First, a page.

It's Starshower by Hilary Smith Callis, a lovely, practical pattern - the only downside of which (in the knitting, not the admiring) is the excess of lacework involved.
Have I mentioned I hate lacework?
In true knitting-lace style, I came upon a stitch fuck up that cost me 2 hours (I was very tired at that point and the work moves from knitting on the right side and the wrong side of the fabric. Moral of the story: don't lose focus). At my grandmother's funeral, we reminisced on her obsession with puzzles (she was able to resolve any puzzle, no matter how complicated or how many pieces were involved) and on how she'd taught us all (seriously, everyone) how to do them. I, for one, never liked puzzles. I found them tedious, difficult for no good reason. Who cares?, I'd wonder. But as I unworked and reworked stitches to fix my mistake, I was reminded that really, I was putting together a puzzle. And, gently, comfortingly, it reminded me of the ways in which my Self has been shaped by my formative influencers.
Starshower floats atop the shoulders like this:
|Starshower by Hilary Smith Callis|
Tern is a delight! It's springy and spongy - easy to knit - but it's got a bit of drape. Also, it's very slightly sheeny on matte because the silk doesn't dye the same way that the wool does.
When first I received it (last year), I was on the fence about my chosen colour: Barnacle. I mean, seriously, who names a yarn Barnacle? More to the point, who buys it?? It's more brown than grey - which is not what I anticipated and which wouldn't have been my preference. But I've grown to appreciate it for the way the silk brings out its sheen. It's very similar to the colour of shawl worn in the marketing photo.
What I could have done better: Well, I didn't swatch. Moreover, I went down a needle size from the recommended (given my propensity to knit loosely). In the final analysis, it's only good luck that I could block the finished garment to size (note the plethora of pins), stretched wet to slightly larger dimensions than those indicated in the pattern. (It's my way of accounting for probable retraction of the fabric as it dries.) Even at the recommended dimensions, I feel it's on the firm side (likely because, by going down a needle size, I made the fabric tighter than it would have been). I sense this shawl could use a tiny bit more drape, more openness, particularly at the cowl which is very shallow. I don't know that going up a needle size (or using a different yarn) would resolve this but I'll consider them when I make this again (and I may well).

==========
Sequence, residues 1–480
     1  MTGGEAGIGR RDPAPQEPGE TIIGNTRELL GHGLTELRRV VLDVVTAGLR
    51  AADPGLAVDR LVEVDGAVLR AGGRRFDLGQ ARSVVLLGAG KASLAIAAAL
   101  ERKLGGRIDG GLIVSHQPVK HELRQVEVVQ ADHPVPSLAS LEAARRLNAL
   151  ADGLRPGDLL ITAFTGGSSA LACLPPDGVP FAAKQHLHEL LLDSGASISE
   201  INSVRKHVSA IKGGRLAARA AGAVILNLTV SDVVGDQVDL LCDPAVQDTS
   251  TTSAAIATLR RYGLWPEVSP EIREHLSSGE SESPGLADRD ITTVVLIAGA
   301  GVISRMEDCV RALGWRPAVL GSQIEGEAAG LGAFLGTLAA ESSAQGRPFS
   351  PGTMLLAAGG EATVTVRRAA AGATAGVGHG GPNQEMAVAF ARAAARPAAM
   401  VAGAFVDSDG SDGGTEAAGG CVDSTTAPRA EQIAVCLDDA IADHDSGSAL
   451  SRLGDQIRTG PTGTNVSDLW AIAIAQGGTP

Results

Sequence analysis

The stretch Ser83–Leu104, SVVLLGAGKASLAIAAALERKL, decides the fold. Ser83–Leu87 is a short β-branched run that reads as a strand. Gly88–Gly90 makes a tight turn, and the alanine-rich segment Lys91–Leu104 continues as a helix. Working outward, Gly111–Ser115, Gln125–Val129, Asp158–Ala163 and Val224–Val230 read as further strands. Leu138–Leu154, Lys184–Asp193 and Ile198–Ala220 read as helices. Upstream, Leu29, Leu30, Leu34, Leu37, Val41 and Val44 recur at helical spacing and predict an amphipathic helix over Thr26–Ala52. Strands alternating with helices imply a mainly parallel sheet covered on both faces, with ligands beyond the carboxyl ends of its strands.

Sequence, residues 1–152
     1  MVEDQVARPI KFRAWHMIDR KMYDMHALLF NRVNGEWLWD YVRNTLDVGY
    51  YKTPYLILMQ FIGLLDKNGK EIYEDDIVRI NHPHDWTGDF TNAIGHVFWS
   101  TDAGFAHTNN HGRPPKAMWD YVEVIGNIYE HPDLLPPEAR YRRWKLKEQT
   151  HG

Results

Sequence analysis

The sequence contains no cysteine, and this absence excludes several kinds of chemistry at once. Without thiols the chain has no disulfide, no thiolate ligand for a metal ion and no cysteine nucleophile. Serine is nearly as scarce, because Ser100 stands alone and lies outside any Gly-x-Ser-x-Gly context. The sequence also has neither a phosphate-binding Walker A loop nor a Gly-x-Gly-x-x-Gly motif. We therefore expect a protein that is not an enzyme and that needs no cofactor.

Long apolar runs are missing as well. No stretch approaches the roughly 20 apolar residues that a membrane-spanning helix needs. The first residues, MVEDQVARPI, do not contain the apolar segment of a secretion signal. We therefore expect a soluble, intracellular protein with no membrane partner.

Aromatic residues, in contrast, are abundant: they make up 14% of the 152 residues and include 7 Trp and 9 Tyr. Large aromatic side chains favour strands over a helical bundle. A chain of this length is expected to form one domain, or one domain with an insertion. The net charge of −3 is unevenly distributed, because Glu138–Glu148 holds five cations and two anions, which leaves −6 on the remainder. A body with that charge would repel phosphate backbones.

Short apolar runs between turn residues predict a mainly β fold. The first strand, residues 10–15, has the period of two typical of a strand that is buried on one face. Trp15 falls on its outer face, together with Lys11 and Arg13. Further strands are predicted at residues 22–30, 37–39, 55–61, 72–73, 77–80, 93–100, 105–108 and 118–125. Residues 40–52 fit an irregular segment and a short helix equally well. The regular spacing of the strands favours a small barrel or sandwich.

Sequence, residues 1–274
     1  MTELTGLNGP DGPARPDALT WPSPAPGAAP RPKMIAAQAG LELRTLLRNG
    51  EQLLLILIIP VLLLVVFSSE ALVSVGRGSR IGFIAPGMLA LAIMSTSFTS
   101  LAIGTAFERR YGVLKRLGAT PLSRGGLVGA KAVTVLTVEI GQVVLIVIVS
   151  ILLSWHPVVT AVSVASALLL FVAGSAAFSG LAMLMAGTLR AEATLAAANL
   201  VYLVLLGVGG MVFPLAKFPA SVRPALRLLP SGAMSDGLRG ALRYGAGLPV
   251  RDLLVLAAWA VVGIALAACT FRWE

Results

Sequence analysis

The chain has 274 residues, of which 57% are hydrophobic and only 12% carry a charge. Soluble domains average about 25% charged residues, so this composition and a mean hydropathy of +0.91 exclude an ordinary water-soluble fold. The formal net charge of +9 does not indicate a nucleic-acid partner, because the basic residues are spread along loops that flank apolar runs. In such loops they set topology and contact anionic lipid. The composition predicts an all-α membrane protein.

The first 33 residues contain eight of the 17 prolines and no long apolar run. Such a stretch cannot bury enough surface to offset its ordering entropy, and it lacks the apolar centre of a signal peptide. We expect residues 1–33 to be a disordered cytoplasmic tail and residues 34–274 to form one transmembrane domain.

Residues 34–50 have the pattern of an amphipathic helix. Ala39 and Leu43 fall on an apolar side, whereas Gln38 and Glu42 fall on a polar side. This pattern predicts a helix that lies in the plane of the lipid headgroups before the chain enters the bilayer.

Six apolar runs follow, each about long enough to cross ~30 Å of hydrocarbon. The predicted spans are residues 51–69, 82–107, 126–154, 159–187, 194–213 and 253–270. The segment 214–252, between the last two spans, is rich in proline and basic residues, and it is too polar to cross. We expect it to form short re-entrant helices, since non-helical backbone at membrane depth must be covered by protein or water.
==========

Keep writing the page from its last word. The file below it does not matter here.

The reason to swatch, I sometimes have to remind myself, isn't only to determine size, but to clarify that the properties of the fabric I've created (in that swatch) suit the purpose of the garment with which I intend to make it.
The finished shawl is very odd looking when not worn:
It's kind of like a beehive.
The pattern is excellently written - clear but with an abundance of detail to forestall concerns about potential misinterpretation. And, at 400 yards of fabric and minimal fitting required, this project doesn't drag on overly or tax one. Just one final reminder: You really do always have to focus when knitting lace. Also, you will inevitably fuck it up and then, your only recourse will be to understand how to take it apart vertically and put it back together. So there's a learning curve.
But I've never enjoyed a lacework project as much as this one (it was very elegantly sequenced) and the finished object is eminently wearable.
What do you think?